“Judge Reinstates Some Federal Oversight of Voting Practices for an Alabama City”

Adam Liptak for NYT: “A federal judge in Alabama on Monday reinstated federal oversight over the voting practices of a city there, in what election law specialists said was the first such move since the Supreme Court struck down part of the Voting Rights Act in June.”

This is not much of a trendsetter for other cases, because the City of Evergreen agreed to be bailed in under the Act—while North Carolina and Texas are fighting the efforts strongly:

A lawyer for the city, James H. Anderson, said his client had agreed to and welcomed the order. Early federal approval of voting changes, he said, could prevent later lawsuits.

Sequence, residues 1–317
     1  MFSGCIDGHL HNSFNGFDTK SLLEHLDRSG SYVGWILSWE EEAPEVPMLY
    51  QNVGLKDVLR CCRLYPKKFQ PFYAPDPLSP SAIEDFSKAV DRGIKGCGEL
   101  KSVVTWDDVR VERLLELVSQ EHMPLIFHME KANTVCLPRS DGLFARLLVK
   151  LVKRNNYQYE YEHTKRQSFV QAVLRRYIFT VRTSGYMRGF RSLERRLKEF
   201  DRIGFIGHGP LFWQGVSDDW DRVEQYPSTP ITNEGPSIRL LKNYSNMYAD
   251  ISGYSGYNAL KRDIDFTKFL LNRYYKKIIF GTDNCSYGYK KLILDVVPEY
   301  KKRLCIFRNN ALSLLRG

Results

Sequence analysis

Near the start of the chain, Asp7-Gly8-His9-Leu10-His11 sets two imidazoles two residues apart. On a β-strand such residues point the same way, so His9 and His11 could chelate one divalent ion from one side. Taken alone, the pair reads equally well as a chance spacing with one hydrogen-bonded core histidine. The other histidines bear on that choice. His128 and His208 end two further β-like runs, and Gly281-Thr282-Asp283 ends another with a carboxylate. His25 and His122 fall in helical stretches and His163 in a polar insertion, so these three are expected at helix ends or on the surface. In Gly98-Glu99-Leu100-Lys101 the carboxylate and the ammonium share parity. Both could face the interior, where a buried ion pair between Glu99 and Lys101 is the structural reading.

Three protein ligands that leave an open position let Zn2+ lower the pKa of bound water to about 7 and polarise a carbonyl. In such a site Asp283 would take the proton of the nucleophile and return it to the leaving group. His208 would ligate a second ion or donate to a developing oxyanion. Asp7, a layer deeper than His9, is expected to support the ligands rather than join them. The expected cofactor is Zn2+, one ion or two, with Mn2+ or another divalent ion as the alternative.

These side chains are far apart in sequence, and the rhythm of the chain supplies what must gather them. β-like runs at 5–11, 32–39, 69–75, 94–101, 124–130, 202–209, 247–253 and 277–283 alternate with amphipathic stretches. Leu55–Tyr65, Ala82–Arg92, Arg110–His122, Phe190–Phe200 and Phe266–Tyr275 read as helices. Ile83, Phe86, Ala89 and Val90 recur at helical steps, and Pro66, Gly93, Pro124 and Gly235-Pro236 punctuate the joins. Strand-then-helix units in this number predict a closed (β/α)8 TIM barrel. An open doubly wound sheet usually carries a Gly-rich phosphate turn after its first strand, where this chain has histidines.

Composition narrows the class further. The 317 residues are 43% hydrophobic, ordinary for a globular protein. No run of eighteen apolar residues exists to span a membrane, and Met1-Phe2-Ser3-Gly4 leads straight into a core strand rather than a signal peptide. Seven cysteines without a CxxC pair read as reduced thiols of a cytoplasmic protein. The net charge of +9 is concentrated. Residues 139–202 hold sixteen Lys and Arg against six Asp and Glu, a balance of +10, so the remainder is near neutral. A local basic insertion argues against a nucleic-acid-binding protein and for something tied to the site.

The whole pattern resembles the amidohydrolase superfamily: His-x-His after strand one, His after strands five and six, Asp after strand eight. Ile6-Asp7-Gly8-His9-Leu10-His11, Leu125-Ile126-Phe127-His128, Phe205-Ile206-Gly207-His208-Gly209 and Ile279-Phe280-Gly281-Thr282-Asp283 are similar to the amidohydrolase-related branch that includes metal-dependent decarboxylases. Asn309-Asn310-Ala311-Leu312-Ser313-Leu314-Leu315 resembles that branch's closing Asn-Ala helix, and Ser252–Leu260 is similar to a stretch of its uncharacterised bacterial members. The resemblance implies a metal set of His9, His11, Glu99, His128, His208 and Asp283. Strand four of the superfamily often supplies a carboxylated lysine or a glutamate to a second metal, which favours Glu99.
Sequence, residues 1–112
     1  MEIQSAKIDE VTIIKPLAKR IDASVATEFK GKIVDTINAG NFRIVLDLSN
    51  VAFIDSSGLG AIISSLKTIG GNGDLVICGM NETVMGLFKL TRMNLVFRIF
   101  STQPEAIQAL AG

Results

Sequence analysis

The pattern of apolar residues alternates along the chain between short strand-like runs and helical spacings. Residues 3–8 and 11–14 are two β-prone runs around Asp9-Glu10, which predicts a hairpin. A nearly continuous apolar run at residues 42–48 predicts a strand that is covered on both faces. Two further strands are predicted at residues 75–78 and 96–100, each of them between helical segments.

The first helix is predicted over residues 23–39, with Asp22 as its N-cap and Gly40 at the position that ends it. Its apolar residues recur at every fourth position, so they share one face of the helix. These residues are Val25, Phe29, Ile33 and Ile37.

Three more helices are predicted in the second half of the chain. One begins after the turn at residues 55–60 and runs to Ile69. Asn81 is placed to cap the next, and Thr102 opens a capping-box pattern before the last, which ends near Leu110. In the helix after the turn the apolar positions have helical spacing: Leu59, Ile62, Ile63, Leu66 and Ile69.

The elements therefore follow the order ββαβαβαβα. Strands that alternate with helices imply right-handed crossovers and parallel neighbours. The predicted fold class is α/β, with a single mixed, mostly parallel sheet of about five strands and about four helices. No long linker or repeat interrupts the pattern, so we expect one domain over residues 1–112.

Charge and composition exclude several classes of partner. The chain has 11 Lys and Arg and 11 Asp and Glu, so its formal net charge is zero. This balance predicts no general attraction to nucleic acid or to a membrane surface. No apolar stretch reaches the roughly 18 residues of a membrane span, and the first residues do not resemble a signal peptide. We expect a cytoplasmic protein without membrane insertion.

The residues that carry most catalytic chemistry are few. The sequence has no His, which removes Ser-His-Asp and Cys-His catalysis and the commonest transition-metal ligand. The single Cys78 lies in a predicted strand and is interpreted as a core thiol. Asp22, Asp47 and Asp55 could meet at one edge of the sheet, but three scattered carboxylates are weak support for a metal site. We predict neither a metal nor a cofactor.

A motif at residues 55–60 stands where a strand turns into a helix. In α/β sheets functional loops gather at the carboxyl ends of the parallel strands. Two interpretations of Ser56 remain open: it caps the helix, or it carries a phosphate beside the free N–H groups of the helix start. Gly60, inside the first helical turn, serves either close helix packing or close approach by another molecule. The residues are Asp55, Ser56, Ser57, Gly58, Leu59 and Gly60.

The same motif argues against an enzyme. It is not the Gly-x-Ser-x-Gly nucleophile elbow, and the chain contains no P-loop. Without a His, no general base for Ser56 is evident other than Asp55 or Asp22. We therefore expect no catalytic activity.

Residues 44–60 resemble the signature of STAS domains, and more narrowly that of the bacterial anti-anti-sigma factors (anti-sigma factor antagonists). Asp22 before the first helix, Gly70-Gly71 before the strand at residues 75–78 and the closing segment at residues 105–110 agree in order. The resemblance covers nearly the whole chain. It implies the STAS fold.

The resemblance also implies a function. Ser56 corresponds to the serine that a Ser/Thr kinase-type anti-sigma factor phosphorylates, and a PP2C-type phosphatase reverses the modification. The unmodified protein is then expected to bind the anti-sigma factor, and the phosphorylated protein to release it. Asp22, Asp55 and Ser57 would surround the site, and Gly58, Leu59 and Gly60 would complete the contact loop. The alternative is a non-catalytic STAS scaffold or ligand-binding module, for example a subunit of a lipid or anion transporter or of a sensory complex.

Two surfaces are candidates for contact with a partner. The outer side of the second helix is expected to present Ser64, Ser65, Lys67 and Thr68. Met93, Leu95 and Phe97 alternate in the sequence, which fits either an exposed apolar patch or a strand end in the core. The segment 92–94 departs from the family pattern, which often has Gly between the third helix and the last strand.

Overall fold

The city has acknowledged flaws in its handling of voter rolls and has revised its approach to redistricting in light of an earlier court ruling.

Richard L. Hasen, who teaches election law at the University of California, Irvine, said the more interesting fights over Section 3 would come in Texas and North Carolina, where state officials are opposing the Justice Department’s attempts to restore federal oversight.

“It does show,” Professor Hasen said of Judge Granade’s decision, “that there can still be a role for the Justice Department to preclear voting changes.”

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